YouTube has been the main target of artists, songwriters, labels and publishers for a long time over the small royalties it pays as compared to other streaming music services. But what if you discovered that TikTok payouts were even worse, and I mean way worse, than YouTube? That is indeed the case, according to an article on Music Business Worldwide.
It’s 3 Times As Bad
Last year TikTok’s revenue was around $4 billion globally, yet it only paid the music industry $179 million. That amounts to 4.5% of total revenue.
YouTube, on the other hand, generated almost $28.9 billion during that period. It paid the music industry around $4 billion, which comes out to almost 14% of its revenue.
That means that if all things were equal, YouTube pays artists and songwriters almost 3 times more than TikTok!
Now if you get into the weeds of the data you can find things like YouTube only included advertising revenue and not subscriptions, and the TikTok number didn’t include fees to songwriters, but none of that changes the conclusion that the music industry is not getting its fair share from TikTok.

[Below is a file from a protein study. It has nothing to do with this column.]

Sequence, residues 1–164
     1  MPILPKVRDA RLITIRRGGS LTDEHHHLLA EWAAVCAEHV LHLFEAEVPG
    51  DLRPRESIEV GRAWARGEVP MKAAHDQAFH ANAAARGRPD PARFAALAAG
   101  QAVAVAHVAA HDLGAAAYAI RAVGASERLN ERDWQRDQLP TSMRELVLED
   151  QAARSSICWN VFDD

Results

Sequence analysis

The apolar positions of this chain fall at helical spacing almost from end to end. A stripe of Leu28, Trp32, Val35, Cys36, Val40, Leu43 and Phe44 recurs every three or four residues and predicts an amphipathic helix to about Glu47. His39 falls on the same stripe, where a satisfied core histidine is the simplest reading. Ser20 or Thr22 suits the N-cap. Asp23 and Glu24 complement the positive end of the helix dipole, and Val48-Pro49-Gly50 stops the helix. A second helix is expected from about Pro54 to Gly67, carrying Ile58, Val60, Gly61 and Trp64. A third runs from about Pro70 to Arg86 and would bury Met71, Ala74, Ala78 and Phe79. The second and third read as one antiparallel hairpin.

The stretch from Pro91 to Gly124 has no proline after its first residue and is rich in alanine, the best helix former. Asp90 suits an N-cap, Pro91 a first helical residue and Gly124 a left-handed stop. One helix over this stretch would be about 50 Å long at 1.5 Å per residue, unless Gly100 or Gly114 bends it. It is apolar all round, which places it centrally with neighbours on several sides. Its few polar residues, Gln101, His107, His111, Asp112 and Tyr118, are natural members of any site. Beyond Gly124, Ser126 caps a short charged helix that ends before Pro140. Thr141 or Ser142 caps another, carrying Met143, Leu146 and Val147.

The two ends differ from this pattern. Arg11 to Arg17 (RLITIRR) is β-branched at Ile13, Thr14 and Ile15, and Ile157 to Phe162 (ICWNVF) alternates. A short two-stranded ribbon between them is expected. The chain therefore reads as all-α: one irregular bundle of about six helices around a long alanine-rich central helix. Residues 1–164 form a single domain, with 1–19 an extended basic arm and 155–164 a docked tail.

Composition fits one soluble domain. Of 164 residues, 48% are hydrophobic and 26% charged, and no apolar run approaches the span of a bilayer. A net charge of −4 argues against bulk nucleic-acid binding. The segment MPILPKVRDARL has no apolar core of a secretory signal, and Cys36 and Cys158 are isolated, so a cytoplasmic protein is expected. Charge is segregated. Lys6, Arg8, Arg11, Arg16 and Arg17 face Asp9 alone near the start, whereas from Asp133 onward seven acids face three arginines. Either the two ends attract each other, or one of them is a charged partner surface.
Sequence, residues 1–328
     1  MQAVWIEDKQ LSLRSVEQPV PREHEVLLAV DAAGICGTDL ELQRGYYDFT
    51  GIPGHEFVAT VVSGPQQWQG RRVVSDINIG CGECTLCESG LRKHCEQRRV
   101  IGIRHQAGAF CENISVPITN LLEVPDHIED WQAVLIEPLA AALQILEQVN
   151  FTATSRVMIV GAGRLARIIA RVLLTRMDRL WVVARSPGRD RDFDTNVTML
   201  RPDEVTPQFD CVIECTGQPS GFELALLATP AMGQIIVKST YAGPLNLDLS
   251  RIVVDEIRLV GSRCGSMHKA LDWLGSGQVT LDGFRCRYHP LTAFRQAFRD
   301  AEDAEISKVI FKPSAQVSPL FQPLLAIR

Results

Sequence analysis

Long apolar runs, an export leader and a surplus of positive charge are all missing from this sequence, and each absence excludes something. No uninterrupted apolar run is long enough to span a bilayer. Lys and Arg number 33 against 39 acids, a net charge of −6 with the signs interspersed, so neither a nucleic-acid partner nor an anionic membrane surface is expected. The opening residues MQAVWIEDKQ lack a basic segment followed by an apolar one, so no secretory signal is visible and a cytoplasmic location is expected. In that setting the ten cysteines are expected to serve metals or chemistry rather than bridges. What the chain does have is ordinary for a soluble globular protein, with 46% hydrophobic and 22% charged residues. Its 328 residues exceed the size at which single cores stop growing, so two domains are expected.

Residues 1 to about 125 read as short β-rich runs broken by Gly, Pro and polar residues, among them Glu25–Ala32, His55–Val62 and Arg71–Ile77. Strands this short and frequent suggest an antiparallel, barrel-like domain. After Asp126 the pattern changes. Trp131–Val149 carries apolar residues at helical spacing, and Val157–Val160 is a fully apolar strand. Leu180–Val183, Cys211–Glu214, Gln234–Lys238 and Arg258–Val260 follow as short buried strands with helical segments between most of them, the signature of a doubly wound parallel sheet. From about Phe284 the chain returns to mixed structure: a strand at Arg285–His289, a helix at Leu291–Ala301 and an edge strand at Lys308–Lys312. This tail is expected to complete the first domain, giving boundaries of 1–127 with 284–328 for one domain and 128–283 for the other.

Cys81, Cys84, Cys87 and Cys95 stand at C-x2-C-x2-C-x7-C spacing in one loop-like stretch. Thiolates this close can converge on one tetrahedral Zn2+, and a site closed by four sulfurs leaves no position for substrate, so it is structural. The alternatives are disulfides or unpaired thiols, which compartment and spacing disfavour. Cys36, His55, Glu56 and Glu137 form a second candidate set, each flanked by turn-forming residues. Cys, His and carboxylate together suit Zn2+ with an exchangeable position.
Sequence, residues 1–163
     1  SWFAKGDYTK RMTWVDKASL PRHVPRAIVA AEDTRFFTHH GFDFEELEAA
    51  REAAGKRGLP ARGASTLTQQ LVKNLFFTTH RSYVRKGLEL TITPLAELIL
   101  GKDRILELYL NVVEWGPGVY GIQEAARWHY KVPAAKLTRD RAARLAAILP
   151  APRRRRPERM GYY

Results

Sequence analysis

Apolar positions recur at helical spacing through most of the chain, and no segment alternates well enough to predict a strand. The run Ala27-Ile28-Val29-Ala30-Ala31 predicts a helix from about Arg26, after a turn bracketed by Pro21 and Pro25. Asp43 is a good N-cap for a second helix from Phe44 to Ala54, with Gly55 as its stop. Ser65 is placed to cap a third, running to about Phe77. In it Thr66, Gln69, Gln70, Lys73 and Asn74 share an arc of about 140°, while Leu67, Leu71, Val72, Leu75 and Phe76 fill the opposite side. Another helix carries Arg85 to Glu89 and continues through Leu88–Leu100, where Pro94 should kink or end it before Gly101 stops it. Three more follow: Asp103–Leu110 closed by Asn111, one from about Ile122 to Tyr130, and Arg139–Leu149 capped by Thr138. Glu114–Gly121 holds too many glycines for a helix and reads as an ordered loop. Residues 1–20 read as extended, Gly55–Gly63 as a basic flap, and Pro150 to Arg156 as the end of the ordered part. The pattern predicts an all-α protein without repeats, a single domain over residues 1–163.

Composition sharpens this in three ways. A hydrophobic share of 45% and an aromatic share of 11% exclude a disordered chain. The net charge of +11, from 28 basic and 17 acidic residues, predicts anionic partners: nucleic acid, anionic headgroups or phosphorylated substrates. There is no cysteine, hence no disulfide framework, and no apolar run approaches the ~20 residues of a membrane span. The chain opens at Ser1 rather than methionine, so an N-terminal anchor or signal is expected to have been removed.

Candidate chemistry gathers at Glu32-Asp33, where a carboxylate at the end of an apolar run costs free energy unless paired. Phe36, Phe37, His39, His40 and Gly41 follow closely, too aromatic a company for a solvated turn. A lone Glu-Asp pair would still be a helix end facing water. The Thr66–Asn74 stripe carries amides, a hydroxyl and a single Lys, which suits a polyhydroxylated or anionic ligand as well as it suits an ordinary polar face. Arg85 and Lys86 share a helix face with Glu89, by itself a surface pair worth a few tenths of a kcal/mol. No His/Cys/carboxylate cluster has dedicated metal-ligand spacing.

An Example That Hurts To Read
Case in point, Kate Bush’s massive re-hit, “Running Up That Hill.” The song is being used on 2.4 million videos and has been played more than 5 billion times on TikTok. According to MBW, “Due to there being no revenue share / royalty-based agreement between her distributor (Warner Music Group) and TikTok, Kate Bush is not getting paid for any of those plays.“
There’s the spillover effect to Spotify, which is well documented and is what artists hope for, but in this case the song was boosted by its exposure on Netflix and not on TikTok, as so many current viral hits are.
More Doesn’t Mean More
Now the scary part is that TikTok is expected to triple its revenue for 2022 to $12 billion. Doesn’t that mean that artists and songwriters will be paid more as a result? Not necessarily.
That’s because TikTok doesn’t pay out a share of advertising based on plays like all other streaming services. What happens is “it licenses music from major record companies via individual “blind check” payments, each of which covers a certain period of grace. In these grace periods, TikTok (and its users) can incorporate copyrighted music as much as they please.”
What that means is that the major labels got snookered. It doesn’t happen often, but it did here, and it means that everyone in the music business will continue sub-standard TikTok payouts as a result.
Whoever thought that YouTube payments would start looking pretty good?